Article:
Why scientists are calling this dwarf galaxy a 'clean freak'
Like other neighboring galaxies, the small dwarf galaxy of IC 1613 contains stars and planets. But unlike its neighbors, IC 1613 is dust-free.
The Milky Way has a clean freak, next-door neighbor, says the European Southern Observatory (ESO).
Like other neighboring galaxies, the small dwarf galaxy of IC 1613 contains stars and planets. But unlike its neighbors, IC 1613 is dust-free – and that allows astronomers to see the galaxy’s sporadic pink gas and bright stars with impressive detail.
“However, what IC 1613 lacks in form, it makes up for in tidiness,” ESO says in a press release. “We know IC 1613’s distance to a remarkably high precision, partly due to the unusually low levels of dust lying both within the galaxy and along the line of sight from the Milky Way – something that enables much clearer observations.”
The lack of dust means better conditions for brightness evaluations, make it possible for scientists to calculate IC 1613's distance from Earth more accurately.
“As we know from our daily lives on Earth, shining objects such as light bulbs or candle flames appear dimmer the further they are away from us,” ESO explains. “Astronomers can use this simple piece of logic to figure out exactly how far away things are in the Universe – so long as they know how bright they really are, referred to as their intrinsic brightness.”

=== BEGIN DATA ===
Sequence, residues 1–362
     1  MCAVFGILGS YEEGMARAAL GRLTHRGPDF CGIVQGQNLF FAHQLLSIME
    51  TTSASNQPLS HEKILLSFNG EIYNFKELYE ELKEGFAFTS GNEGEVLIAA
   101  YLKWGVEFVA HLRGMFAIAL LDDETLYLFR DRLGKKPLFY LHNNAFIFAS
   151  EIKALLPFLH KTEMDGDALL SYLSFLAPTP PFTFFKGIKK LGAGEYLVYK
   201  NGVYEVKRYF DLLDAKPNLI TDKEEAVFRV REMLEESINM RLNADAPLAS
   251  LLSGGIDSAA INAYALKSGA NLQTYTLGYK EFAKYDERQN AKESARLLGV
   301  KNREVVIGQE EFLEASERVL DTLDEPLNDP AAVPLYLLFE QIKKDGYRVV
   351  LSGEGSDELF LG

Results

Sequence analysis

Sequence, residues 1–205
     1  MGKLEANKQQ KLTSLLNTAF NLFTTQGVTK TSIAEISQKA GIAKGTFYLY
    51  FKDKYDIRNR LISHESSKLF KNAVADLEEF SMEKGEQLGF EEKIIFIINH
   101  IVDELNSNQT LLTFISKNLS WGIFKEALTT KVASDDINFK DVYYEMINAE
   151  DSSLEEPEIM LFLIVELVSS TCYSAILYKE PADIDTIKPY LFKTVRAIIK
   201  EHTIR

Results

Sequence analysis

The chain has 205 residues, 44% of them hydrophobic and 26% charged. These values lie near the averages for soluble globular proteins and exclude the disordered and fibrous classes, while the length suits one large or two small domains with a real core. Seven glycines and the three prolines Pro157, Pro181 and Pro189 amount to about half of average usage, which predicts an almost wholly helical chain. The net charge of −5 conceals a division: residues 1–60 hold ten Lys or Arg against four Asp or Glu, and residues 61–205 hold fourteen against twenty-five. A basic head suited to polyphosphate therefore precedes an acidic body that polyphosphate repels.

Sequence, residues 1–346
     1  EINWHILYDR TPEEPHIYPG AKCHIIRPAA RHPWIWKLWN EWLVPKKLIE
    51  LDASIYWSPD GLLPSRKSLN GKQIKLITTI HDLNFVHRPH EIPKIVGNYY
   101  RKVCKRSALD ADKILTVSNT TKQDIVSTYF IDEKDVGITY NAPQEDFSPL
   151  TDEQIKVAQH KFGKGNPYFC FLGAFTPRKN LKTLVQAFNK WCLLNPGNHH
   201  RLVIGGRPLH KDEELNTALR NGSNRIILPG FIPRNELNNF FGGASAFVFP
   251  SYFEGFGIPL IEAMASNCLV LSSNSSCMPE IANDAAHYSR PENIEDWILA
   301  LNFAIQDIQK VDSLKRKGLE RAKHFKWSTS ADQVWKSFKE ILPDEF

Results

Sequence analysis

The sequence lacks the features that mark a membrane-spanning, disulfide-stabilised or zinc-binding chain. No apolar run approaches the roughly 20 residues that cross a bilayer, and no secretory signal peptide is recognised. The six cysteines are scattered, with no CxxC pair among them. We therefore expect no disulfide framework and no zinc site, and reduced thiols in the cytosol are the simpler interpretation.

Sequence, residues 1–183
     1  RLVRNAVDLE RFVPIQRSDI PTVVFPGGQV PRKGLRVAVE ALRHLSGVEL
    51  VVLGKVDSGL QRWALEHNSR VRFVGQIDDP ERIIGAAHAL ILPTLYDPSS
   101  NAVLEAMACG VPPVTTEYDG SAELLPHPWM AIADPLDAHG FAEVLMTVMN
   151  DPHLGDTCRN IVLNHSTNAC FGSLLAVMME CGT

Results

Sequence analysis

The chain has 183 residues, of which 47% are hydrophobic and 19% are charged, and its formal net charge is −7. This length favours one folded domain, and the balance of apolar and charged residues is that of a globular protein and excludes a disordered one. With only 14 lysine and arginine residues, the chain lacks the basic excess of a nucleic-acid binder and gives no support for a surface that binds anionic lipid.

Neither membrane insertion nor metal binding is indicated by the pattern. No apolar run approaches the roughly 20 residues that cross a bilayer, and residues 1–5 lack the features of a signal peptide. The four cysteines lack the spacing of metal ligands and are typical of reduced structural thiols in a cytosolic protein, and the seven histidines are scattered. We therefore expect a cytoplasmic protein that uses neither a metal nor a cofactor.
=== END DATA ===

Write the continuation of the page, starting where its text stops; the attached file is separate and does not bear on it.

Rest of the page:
Astronomers are confident about IC 1613’s intrinsic brightness because of two types of stars that live in the galaxy: Cepheid variables and RR Lyrae variables. Both of these kinds of stars periodically pulse, allowing astronomers to measure the galaxy’s intrinsic brightness by measuring how quickly they see the stars’ bigger and brighter intervals.
“Stars of known intrinsic brightness can act like standard candles, as astronomers say, much like how a candle with a specific brightness would act as a good gauge of distance intervals based on the observed brightness of its flame’s flicker,” says ESO.
By measuring the pulsing stars, astronomers were able to pinpoint IC 1613's location at 2.3 million light-years away from Earth.
German astronomer Max Wolf discovered IC 1613 in 1906. The small galaxy was later confirmed as a member of the Local Group, a collection of over 50 galaxies including Earth’s home galaxy, the Milky Way.
While it may be a small galaxy, IC 1613 has served as a baseline for astronomers studying the universe’s expansion.
The latest up-close image was captured by the OmegaCAM camera on ESO’s VLT Survey Telescope at Paranal Observatory in Chile.